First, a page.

I am frequently asked, as a pharmacist who specialises in cancer medicine, what do I think about the use of marijuana for medical conditions?
I often reflect back to dispensing dronabinol (a synthetic THC product) for chemotherapy induced nausea and HIV related wasting syndrome, when I first started working as a pharmacist in a hospital in the early 90s. Back then it was no big deal, the hospital pharmacy imported the medication from overseas, just like we did many other medications which were not marketed in Australia, and supplied it on a doctor’s prescription.
We didn’t stop supplying it because it was difficult to get hold of, rather it just wasn’t very useful any more. New anti-nausea medications came on the market, and these were much more effective at controlling the nausea and vomiting associated with chemotherapy, and, a new class of medications known as antiretrovirals became available and these were so effective at treating HIV we thankfully were no longer seeing the devastating effects of the disease.
So, as the current debate over the use of marijuana for medical conditions rage and health professionals seem pitted against consumers with politicians (unhelpfully) weighing in on the subject, what are the actual issues associated with prescribing marijuana?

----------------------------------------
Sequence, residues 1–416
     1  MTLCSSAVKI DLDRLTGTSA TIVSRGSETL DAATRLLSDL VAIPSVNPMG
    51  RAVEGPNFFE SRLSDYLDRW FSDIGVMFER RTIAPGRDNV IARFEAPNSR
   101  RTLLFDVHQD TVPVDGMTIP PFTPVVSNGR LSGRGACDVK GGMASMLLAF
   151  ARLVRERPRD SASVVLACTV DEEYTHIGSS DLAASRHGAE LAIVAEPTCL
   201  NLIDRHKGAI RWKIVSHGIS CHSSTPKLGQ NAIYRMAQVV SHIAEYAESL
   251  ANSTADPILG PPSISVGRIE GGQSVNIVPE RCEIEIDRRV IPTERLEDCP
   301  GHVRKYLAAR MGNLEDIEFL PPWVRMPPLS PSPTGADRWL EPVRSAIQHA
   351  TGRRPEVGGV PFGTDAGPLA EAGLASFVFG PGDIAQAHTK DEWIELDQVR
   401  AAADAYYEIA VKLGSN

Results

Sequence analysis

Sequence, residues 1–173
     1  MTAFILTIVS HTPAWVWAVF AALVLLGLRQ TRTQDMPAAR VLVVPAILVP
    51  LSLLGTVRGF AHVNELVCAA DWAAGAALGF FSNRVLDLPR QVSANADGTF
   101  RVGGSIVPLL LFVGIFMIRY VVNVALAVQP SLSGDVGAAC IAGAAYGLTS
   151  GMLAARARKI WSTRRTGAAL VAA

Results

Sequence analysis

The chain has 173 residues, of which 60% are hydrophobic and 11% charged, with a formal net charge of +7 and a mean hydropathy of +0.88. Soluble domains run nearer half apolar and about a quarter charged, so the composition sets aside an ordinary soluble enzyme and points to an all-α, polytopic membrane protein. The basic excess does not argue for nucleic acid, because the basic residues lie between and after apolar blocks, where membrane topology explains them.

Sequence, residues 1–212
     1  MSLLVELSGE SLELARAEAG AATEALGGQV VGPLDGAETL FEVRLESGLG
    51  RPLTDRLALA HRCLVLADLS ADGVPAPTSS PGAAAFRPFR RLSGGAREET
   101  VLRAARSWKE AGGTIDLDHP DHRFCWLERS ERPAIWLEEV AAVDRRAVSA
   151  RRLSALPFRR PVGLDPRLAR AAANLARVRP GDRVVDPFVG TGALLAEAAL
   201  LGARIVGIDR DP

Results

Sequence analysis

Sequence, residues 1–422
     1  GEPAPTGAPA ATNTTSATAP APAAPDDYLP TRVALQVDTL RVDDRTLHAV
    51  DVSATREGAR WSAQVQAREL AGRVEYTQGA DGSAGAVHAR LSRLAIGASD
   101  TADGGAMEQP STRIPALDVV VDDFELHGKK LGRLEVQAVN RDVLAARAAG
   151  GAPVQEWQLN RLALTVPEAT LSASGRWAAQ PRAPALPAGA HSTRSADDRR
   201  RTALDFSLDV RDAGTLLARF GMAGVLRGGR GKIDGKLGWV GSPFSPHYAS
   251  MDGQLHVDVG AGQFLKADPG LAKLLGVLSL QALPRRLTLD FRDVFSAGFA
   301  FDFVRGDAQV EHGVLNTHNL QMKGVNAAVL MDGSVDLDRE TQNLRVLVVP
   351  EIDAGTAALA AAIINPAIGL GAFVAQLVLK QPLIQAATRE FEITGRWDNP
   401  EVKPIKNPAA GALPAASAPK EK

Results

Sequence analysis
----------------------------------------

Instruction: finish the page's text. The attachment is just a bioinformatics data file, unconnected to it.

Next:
So does that mean I don’t think marijuana is medically useful?
Of course not! I do believe it has a place in modern medical therapy.
Based on what we know at present marijuana may be useful as a mild to moderate pain reliever (when used in conjunction with other medications), and there is also some pre-clinical data on it’s use in combination with chemotherapy in cancer.
But by far the most interesting research is on it’s affect in neurological conditions. Data on reducing the frequency of seizures in refractory epilepsy is compelling and improvements in spasticity in MS are promising.
My hope is that we can address the gaps in health professionals’ knowledge so that we can increase the confidence in using marijuana effectively. You may have noticed that I have not used the common term ‘medicinal marijuana.’ Since we do not say ‘medicinal penicillin’ or ‘medical codeine’ I do not think it is necessary here either.
Chemo@home is committed to consumers and health professionals find the information they need, visit our website to find relevant information on access, supply and evidence of use.
With knowledge comes power, so let’s take a powerful collective step in the pursuit of relevant information regarding patient treatment and care.